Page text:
There is even a pretty decent first action sequence - Shankar takes on Pratap Singh in the open market, knocking over vegetable stands and snack carts to rescue Gauri from Pratap's harrassment. (This is after Pratap manhandles Gauri in the street and a bunch of men stand around just watching. Just like real life!)
Reminiscing about these early scenes with Beth, I described them as "back when we still thought this was going to be a good movie."
"We were so young and naïve," Beth replied.
So where does it all go wrong? It's hard to say exactly where Hira aur Patthar bumps off the rails. It just loses steam and takes a turn for the boring about halfway through. Bindu lacks her full glory as a vamp, and Pratap is about as mealy and unsatisfying a villain as I've ever seen. The movie lacks any kind of connective tissue, any grand masala theme to tie all the elements together. It flirts with a couple ideas - Shankar's steadfast denial of religious faith is one, and a false start in which it appears Shankar will organize the doliwale into some kind labor force is another - but nothing crystallizes. There are no great songs, no boisterous qawwali, no costume-donning antics, no climactic set-up to chase the villain down in his lair. In short, Hira aur patthar is not grounded enough to be a passable serious movie, and not silly enough to be a passable masala movie. To misapply Gertrude Stein, "There is no there there."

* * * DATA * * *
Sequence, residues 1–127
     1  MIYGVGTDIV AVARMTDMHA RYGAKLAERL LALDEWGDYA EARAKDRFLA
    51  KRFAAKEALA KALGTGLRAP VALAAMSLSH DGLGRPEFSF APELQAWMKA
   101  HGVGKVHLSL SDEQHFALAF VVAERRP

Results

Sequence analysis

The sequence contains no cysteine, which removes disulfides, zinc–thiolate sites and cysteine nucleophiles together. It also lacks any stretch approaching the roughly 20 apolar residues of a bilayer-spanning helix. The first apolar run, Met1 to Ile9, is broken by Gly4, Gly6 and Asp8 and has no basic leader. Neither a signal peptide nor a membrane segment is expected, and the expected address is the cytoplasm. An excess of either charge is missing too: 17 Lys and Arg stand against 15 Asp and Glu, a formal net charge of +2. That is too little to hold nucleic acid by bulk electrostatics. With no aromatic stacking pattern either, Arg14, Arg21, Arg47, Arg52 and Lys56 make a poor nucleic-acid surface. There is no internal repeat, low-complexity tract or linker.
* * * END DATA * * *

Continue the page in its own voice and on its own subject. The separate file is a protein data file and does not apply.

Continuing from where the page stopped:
There are just a couple of moments worth their masala salt that lift Hira aur patthar out of Filmi Geek's new "Execrable" category and into "Timepass". One comes in service of Tota's quest to marry a village girl named Chanda (Jayshree). This hilarious scene features wedding rites performed in the back of a speeding truck driven by the stereotyped friendly Punjabi truck driver, while the bride's father and his choice of groom follow in a car that falls apart piece by piece. There is also some elegant suspense in a fight scene between Pratap and an unruly customer who tries to rape Rupa - a stabbing occurs behind an upturned couch, and for quite a long effective moment it is not at all clear who died.
But that's about it, and it's just not enough to sustain. It's telling that this far into the review I haven't had much to say about either of the principals, for whom Beth and I ostensibly chose this movie. That is because even they don't have a lot to offer. Shashi Kapoor comes as close to phoning it in as I've ever seen him do, and Shabana Azmi - my dear, beloved Shabana Azmi - just doesn't have a whole lot to do save some flitting (and as much as I adore her, she's not really much of a flitter) and some fretting. They look pretty, though, and Shabana always gives good sari.
And if nothing else, the Hira aur patthar offers a generous helping of the marvelous Manorama and the faces she pulls like no other. So I leave you with a sampling of that - a Manorama panorama, if you will.